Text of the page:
Bill Murray’s Favorite Book (and Others)

Huckleberry Finn by Mark Twain - Bill Murray's Favorite Book

One thing about readers – we love to share our passion for books. Whether it’s an amazing find of a first edition, a fantastic new author discovery, or a reissued edition of a childhood favorite, it’s just not as good if you can’t share it. And learning which books we have in common with other people is part of the fun. Flavorwire created a post of 50 Cultural Icons on Their Favorite Books. It appears to be gleaned from all different sources and interviews, but includes the likes of Bill Murray (Huckleberry Finn by Mark Twain), Joan Didion (Victory by Joseph Conrad) Michelle Obama (Song of Solomon by Toni Morrison), Dolly Parton (The Little Engine that Could by Watty Piper), Robin Williams (Isaac Asimov’s Foundation trilogy), James Franco (As I Lay Dying by William Faulkner), Kit Harrington (Nineteen Eighty-Four by George Orwell) and many more.

And like the true book nerd that I am, I was very excited to read that one of JK Rowling’s favorite books is The Woman Who Walked into Doors by Roddy Doyle, because it’s one of mine, too. Doyle’s skill at creating a real person – I can’t even say character – is to be deeply admired.

See all 50 favorite books.


Patrick Modiano Wins 2014 Nobel Prize for Literature

Paris Tendresse, Patrick Modiano, Brassai

French novelist Patrick Modiano has won the 2014 Nobel Prize for Literature. Modiano, 69, is no stranger to accolades. His previous awards include the Austrian State Prize for European Literature in 2012, as well as a lifetime achievement award in 2010 from the Institut de France. Individual novels have also been recognized with prizes, including the highly prized Goncourt Prize for his book “Missing Person“. “Missing Person” is perhaps also Modiano’s best-known work, though the historical author is quite prolific, with nearly 30 published works so far. If you’re looking to read Patrick Modiano books written in English, there are far fewer copies available, but there are still enough to get a great start on his catalog.

While he himself was not born until 1945, much of Modiano’s work is nevertheless inspired by the Nazi occupation of France. Much of his finest writing details, down to the minutiae, the lives of regular French citizenry and the impact the war had on their day-to-day lives. His writing’s uniqueness comes, in part, from a balance between highly detailed, highly thorough description of the mundane, and a sense of mystery and ambiguity for situations and plotlines. That fondness for mystery has coined him his very own literary term. In France, if a scenario or character is particularly open-ended, it can be said to be “modianesque”.

Despite his popularity, prolific output and celebrated success, Modiano himself is sadly not as thrilled with his choice of profession as his fans are. He has stated for the media in the past that his writing is more a curse than a gift to him, that he feels feverishly compelled to write and dreams of being free of the burden.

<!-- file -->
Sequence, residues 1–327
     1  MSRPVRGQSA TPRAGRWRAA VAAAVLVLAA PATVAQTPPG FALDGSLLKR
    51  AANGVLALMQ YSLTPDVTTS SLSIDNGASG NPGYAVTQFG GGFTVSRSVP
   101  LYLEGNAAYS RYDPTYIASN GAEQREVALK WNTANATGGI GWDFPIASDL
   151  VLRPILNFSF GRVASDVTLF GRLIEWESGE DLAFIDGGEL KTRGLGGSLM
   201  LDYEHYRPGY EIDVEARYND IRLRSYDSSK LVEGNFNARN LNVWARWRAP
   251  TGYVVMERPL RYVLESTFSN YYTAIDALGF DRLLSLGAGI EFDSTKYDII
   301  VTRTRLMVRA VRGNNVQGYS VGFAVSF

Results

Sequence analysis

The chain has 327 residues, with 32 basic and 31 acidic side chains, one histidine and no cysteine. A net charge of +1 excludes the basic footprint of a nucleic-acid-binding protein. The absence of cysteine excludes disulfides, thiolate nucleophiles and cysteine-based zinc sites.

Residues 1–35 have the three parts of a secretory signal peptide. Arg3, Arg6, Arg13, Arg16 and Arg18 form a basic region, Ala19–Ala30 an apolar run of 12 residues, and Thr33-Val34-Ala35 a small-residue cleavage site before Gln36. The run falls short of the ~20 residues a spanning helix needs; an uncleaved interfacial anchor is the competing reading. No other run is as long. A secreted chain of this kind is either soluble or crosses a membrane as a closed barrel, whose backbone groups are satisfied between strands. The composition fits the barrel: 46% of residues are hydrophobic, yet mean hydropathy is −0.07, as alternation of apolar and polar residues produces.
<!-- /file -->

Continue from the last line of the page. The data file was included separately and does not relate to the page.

remise-de-peine-modiano While perhaps not as well-known as last year’s winner Alice Munro, Modiano is nonetheless a more far-reaching choice than some winners in previous years. If you’re not familiar with him or his work, you’re probably not French – while Modiano is a lesser-known name elsewhere, within his home country he is very famous and widely regarded as one of France’s best writers. He prefers to stay out of the spotlight, however, and is a very private person, giving few interviews and attending few galas. As such, books signed by Patrick Modiano are extremely rare, with not a single Patrick Modiano autograph for sale on AbeBooks (which is rare indeed).

Some Modiano titles are collectible, and prices are sure to climb with today’s announcement. The most expensive Patrick Modiano book ever sold on AbeBooks was a copy of Remise de Peine. The first edition, limited to 55 numbered copies, sold for $721. I think we can expect to see some more expensive sales in the coming days and weeks.

Modiano is the 15th Nobel Prize-winner of France.


Kelliegram Binding Copy of Through The Looking Glass

I’ve written before about how delicious Kelliegram Bindings are, and this example is surely no exception. This 1873 edition of Lewis Carroll’s Through the Looking-Glass, and What Alice Found There is done in the traditional Kelliegram style, with gorgeous, rich, full colour leather. The front and back boards boast inlaid leather art as well.

Rather than depicting the more usual characters of the white rabbit or Alice herself, the binder chose the less often celebrated (and more ovoid) Humpty-Dumpty for the front boards, and the walrus for the back boards. The boards are also stamped and decorated with gilt. The text itself is generously sprinkled throughout with 50 illustrations by John Tenniel, including a full-page, tissue-guarded frontispiece.

through-looking-glass-carroll

through-looking-glass-carroll-2